Writing and the Internet: A Love Affair

10 May

Shit got real in 1995. That’s when it all started. In the then, very brief history of the internet, online literary magazines were an idea yet to be conceived. Writers were still sending to print journals, and don’t forget the SASE—self addressed, stamped envelope (and who ever heard of stamps!?). Then, from the foam of some cybernetic sea, CrossConnect was born! The first online literary magazine, the first rebel, the first mover/shaker.

Writing and the internet used to be this:

Now they’re more like this:

But, DON’T WORRY. They aren’t headed for this:

For a writer today, online lit journals are the shiz. They got all their ducks in a row. As a young writer, it is important to get out there, peruse the great-unknown. And, internet mags are the vehicle for that. However, that doesn’t make the process of submitting any less harrowing. Not everyone is George Saunders—by that I mean: don’t think the first time you get published, it will be in the New Yorker. Start small. Chances are, your first submission will be met with a rejection.

That’s ok, dolls. When that happens, it’s important to remember that there are two types of rejection letters.

1.)    The form rejection, going something like this:

Dear Elysia,

Thank you for your submission of “There are Tides” to SmokeLong Quarterly. We gave the story careful consideration, and though we are not accepting it for publication, we hope you find a better fit for it elsewhere.

Thanks again for trusting us with your work.



Somtimes I’m rull mad bout them rejections!

2.)    Then, there is the nice rejection. This is the kind to hope for. It’s the next best thing to a publication and in some cases even better. If a big magazine gives you a personalized rejection, that is much better than publishing a piece that might not have been ready in a less prominent magazine. My favorite nice rejection I have received was from SmokeLong Quarterly (a magazine I have been shooting for since last year).

Here it is, ladies:

Dear Elysia,
Thank you for your submission of “Teeth” to SmokeLong Quarterly. Unfortunately, we are going to pass on this story.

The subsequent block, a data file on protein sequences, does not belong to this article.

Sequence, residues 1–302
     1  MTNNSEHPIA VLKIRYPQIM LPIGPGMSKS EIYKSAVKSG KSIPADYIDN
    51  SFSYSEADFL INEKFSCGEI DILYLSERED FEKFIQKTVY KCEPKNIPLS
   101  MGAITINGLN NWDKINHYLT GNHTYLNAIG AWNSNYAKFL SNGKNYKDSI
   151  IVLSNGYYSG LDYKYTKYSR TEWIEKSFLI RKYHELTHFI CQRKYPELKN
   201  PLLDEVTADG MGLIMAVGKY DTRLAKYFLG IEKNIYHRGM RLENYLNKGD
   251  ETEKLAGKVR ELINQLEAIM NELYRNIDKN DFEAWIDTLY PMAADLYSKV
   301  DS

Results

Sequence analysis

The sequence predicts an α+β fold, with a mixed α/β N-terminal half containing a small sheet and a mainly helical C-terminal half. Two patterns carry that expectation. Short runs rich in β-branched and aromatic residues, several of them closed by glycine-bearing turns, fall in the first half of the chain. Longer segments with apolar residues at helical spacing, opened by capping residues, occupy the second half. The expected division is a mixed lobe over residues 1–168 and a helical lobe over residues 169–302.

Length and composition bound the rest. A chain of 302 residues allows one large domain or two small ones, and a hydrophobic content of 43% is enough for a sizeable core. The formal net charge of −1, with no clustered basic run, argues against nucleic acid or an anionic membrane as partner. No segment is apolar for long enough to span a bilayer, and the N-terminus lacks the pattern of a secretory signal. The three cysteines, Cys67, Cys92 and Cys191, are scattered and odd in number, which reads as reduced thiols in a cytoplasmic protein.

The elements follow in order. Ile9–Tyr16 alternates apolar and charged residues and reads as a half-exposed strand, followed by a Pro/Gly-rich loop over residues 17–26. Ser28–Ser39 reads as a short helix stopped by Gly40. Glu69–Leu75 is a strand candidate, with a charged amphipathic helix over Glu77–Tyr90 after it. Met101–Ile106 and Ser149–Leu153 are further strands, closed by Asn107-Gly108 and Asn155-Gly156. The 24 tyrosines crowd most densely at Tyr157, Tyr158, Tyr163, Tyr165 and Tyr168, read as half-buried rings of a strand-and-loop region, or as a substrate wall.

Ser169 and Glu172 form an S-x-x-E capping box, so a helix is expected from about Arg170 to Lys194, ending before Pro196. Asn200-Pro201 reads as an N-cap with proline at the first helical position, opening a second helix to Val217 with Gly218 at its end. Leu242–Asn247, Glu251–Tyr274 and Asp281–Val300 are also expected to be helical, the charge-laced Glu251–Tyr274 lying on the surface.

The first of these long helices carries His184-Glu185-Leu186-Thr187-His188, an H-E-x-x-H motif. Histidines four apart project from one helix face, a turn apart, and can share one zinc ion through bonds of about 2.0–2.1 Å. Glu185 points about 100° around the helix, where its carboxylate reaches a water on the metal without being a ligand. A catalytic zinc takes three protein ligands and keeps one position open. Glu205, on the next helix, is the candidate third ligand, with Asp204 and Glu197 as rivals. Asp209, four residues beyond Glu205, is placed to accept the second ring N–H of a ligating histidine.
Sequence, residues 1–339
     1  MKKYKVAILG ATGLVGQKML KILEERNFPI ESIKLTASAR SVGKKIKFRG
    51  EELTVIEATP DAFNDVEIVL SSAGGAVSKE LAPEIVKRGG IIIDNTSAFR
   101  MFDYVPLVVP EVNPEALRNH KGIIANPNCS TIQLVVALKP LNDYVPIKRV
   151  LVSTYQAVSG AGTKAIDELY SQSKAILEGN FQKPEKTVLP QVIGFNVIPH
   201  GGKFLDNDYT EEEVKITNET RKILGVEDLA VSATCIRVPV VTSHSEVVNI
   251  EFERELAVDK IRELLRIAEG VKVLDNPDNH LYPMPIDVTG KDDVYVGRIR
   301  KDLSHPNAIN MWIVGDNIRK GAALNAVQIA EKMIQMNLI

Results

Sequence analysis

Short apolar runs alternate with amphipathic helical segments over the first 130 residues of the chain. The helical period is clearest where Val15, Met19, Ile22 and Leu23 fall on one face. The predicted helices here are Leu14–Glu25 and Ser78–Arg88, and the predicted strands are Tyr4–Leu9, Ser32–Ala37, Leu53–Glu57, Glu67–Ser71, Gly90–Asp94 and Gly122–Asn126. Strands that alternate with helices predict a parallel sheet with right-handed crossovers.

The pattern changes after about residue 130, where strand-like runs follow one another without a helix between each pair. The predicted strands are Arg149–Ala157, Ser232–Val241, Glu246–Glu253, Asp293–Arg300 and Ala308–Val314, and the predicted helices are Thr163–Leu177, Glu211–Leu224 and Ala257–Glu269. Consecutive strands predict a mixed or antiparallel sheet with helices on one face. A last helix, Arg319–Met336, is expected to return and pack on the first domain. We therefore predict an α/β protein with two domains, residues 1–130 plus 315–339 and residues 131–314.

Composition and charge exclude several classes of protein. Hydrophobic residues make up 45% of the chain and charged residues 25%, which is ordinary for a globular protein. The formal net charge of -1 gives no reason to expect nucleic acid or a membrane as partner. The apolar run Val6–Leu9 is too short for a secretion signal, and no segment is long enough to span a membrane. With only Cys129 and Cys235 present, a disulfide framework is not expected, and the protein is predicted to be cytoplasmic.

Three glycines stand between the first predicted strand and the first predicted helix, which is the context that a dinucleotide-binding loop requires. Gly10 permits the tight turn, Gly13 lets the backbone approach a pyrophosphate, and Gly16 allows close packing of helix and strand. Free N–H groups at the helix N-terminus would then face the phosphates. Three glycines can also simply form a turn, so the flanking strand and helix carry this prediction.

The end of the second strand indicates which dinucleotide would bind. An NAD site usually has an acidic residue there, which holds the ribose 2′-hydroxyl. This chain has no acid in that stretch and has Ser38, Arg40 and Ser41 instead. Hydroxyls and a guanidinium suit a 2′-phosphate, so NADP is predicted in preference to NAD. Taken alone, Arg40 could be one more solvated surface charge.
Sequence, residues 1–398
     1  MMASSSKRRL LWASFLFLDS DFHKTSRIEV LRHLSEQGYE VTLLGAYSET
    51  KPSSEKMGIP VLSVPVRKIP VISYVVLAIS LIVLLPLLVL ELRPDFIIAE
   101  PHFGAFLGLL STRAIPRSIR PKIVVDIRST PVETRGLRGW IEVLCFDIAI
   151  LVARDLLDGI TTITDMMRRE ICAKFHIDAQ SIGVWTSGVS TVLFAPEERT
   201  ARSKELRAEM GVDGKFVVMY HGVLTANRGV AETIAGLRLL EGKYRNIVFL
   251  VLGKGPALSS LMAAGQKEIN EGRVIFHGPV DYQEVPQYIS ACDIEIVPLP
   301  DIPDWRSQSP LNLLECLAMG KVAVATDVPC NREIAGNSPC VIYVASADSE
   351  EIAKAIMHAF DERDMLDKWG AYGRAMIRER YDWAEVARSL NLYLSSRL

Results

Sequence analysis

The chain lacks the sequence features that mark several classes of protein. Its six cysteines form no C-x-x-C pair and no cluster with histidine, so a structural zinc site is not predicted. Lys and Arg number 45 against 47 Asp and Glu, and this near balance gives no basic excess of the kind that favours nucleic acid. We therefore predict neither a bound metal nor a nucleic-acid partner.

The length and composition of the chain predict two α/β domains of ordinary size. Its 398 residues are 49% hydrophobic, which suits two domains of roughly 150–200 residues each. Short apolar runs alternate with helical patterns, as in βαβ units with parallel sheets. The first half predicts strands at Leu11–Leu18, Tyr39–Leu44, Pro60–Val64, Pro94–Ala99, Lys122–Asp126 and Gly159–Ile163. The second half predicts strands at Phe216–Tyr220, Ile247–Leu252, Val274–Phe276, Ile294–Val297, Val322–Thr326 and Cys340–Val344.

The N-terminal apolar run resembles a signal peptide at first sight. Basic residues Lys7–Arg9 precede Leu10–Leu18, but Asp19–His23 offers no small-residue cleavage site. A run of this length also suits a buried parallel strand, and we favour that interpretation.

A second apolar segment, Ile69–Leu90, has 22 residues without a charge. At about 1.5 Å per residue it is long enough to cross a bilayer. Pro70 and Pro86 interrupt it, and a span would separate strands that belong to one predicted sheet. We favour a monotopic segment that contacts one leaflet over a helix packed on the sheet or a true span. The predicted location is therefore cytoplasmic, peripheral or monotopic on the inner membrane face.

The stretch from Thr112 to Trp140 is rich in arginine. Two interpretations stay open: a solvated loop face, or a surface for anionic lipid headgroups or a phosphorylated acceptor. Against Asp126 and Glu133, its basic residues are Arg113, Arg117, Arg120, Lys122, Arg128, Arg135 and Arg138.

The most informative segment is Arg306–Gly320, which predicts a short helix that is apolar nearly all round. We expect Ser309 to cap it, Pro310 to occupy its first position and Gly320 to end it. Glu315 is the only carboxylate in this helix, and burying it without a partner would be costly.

Elysia, this was a close one for us. There is some really great writing here, and we love your images. Hope you’ll send something else our way sometime.

Tara (notice the editor included her name. WOO.)

Now, in the case of the form rejection, it might be best to say “fuck ‘em!” and toss the letter in your trash (maybe print it out, and burn it. Deleting the email doesn’t always carry enough weight for me, personally). But, if you are lucky enough to receive a personalized rejection, heed their advice. These people know what they’re doing. You should agree with that sentiment if you are submitting there, at least, which leads me to my next point.

It is always a good idea to check out the website of the journal where you plan to submit. A really great resource for writers is Duotrope. It is a list of all online magazines. You can narrow your search to filter for only poetry magazines, only non-fiction, or flash fiction.  Duotrope also includes a link to the page of the journal. Check it out. Better to be safe than sorry.

Another thing I do is make sure I have covered everything on my checklist before I submit. I’ll include my own personal checklist to give you other writers an idea of what to do, but really each person should do what they think is best. If you have to light 15 candles and eat a bowl of Chex Mix before you submit, then so be it.

Homer does this before submitting to Elimae.

First things first: I copy edit for any minor spelling or grammatical errors in the piece I wish to publish.

Then: I send the piece off for polishing to three people I trust: my girlfriend, my best friend, and my mentor (a teacher for me). Also, I should mention that my girl and my bff are both writers…which is fortunate for me.

Next: after I’ve received their personal edits, I go over the story again, taking each of their ideas into consideration. It is important you are selecting people who you admire, that way you are more likely to listen to them. Remember, they still love you even if they hate that you used the word “glimmer” eight times.

Finally: I prepare a short (I mean short) and usually silly cover letter. Most magazines use Submishmash, an online submissions manager. This means that you’ll only have to make one account which you can then use for each different magazine. This is also really helpful for tracking your submissions.

*note* Most magazines will also take Simultaneous Submissions (when you send the same piece to multiple magazines), just be sure to mark the submission as a Sim. Sub.

Anywho, go to the submissions page of the magazine in question and begin the process. Don’t forget to list any previous publications. If you don’t have any, don’t mention it. It’s better to look like you simply forgot.

Lastly, for you femme fatales with a pen, I’ll include my list of favorite online literary magazines.

elimae {a very reputable and well established journal, almost as old as CrossConnect.}

Smokelong {as I mentioned earlier, one I’ve been working on. Smokelong is a good home for any flash-fiction pieces you’ve got.}

Brevity {a good place to go if you write non-fiction.}

The Diagram {a very well designed website interested in the experimental.}

The Collagist {edited by a writer I really admire, and an acquaintance of mine, this magazine is fresh and a challenge to get published in, but worth it!}

If you want a more comprehensive list of journals, check out Duotrope, as I mentioned earlier.


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